It’s Time for Anti-Bullying Programs to Prioritize Race
In recent years, schools across the country have implemented stricter anti-bullying rules. But as suicide remains one of the top leading causes for children in the country, researchers say anti-bullying efforts should pay more attention to one factor: race.
In a new study, published in Aggression and Violent Behavior, master’s student Mariah Xu (Hunter College) and Ph.D. student Natalia Macrynikola (The Graduate Center) look deeply at racial and ethnic differences in bullying.
“The effects of bullying involvement in childhood reverberate throughout the lives of individuals and of their peers, families, and communities,” the authors wrote. “Bullying researchers … should continue to do so within an intersectional and multicultural framework.”
The researchers found that children bullied due to their race or ethnicity face greater health risks than those that do not. This “bias-based” bullying is associated with depressive symptoms, poor self-esteem, self-harm, suicide ideation and substance abuse. Still, anti-bullying measures are less effective for minorities, and don’t generally prioritize minoritized communities, the researchers noted.
“[R]ather than merely examining race and ethnicity as moderators, researchers should tailor interventions and research questions toward serving under-studied and disadvantaged groups,” the authors added.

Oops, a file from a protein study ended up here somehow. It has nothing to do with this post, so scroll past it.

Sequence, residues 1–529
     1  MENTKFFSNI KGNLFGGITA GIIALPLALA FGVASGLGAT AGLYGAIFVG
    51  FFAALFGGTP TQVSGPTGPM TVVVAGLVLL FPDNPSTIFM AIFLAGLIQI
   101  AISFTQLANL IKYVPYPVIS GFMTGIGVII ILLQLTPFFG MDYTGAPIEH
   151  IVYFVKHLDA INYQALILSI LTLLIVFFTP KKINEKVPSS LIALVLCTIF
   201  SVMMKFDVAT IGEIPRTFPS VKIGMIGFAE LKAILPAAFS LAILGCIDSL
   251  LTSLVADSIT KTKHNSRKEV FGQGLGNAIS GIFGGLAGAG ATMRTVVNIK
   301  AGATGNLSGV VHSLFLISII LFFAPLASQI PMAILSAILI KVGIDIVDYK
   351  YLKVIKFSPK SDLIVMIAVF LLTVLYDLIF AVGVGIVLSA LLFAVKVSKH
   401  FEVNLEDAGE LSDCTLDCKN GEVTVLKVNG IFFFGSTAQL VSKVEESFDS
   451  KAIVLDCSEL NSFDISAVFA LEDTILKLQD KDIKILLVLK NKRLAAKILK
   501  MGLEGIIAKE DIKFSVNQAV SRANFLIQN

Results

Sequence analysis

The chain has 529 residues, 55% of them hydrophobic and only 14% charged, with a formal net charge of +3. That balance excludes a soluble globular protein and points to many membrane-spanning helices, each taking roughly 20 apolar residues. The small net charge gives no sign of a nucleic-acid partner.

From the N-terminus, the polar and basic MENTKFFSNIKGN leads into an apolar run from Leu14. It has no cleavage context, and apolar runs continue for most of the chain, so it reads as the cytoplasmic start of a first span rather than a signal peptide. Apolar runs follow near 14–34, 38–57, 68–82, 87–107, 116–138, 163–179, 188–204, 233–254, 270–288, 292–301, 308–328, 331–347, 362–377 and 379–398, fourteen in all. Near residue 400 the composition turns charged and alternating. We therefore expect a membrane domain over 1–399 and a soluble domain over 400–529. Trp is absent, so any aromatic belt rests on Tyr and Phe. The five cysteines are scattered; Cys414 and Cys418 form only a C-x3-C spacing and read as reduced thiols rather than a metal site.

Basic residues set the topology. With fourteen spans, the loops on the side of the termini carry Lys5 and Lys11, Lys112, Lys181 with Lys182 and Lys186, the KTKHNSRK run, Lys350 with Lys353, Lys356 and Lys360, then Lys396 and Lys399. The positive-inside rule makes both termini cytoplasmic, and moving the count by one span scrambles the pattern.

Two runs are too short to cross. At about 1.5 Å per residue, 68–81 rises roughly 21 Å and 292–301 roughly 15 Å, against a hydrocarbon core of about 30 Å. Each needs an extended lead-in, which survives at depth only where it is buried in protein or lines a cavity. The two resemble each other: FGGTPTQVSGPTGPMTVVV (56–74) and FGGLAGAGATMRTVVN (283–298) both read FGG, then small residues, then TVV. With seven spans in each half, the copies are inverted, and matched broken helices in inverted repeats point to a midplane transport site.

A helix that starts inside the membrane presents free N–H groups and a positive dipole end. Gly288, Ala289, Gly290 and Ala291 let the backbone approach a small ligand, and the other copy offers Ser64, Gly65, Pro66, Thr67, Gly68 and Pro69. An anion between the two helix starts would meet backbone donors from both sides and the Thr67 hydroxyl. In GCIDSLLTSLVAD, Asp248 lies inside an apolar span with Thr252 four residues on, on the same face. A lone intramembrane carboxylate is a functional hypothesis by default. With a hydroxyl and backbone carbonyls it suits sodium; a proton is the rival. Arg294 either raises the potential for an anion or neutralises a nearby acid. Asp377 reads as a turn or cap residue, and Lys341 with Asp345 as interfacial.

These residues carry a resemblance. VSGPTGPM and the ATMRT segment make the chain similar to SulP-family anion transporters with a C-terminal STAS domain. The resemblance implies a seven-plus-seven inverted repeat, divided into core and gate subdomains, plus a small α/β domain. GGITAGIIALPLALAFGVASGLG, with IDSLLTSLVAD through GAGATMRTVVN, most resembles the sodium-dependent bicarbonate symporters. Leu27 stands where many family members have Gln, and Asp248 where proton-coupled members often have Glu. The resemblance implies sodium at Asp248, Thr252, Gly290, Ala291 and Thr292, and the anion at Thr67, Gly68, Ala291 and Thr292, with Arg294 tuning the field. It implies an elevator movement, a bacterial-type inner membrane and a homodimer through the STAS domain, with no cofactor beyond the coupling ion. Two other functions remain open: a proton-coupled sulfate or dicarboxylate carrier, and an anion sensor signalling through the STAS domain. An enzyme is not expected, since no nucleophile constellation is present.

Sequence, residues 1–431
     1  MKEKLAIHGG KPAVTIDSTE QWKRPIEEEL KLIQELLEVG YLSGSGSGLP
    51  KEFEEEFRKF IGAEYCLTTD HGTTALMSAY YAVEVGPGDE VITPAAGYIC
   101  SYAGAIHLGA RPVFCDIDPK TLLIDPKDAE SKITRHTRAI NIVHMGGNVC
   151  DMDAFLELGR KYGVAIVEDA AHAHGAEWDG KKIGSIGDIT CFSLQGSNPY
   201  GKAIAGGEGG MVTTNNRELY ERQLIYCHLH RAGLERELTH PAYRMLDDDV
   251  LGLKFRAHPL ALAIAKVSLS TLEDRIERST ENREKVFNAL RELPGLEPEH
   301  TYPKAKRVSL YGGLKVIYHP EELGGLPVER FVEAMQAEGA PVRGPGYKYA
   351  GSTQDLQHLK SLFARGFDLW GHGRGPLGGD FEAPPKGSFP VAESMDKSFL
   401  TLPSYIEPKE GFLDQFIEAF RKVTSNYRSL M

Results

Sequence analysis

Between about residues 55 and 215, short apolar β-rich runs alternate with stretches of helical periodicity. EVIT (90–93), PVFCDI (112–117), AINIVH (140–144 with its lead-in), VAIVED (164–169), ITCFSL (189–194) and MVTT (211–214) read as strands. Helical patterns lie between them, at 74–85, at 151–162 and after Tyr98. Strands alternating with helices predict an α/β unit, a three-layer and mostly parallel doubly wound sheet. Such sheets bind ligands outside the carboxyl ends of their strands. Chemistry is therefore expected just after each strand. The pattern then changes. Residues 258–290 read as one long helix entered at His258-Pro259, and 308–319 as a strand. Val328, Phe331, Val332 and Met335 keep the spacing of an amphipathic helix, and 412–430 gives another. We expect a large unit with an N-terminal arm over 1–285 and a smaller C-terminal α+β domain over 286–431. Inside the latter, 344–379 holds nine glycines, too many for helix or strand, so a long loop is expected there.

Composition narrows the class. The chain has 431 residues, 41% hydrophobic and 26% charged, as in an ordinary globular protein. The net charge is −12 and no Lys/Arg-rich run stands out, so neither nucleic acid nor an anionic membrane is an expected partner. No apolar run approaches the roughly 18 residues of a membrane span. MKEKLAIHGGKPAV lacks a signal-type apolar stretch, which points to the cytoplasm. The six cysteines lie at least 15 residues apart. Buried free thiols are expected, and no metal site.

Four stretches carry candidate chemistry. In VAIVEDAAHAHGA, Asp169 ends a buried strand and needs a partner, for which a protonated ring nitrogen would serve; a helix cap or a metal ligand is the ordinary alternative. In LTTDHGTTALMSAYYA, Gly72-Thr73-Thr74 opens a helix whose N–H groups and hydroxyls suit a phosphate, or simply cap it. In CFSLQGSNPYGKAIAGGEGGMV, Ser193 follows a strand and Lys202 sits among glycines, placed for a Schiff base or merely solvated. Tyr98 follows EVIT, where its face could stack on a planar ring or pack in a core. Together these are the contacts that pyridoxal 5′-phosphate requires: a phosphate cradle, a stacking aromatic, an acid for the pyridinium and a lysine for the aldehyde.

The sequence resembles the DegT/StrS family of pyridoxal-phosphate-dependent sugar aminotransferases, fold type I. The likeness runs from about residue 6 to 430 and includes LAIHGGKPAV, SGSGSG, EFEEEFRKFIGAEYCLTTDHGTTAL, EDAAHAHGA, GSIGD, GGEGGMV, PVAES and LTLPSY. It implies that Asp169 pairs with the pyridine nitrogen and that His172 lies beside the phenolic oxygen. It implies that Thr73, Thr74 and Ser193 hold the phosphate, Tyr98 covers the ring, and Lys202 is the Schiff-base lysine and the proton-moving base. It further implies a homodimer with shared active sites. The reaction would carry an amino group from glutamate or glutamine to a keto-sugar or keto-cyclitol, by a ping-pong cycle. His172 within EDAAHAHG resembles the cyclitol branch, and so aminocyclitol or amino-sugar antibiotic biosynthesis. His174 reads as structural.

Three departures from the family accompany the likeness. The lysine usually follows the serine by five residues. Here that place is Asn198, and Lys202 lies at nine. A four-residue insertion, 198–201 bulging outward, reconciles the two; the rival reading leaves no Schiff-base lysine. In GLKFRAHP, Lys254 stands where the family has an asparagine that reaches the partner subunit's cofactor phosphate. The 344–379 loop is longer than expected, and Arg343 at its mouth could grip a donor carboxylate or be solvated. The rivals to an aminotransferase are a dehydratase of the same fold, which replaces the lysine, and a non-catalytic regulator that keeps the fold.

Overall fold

The authors noted that minoritized racial and ethnic groups and immigrants also experience a measure of protection as a result of their strong ethnic and cultural identities. The article utilized empirical research of some 1,396 studies on bullying to identify trends and outcomes, and propose future solutions.
The results of the study “reflect the need to tailor interventions to the needs and characteristics of minority populations.”
“Given that race/ethnicity, combined with contextual factors, differentially impacts the forms and outcomes of bullying perpetration and victimization, special emphasis on racial and ethnic minority students is needed when developing effective interventions,” the authors noted.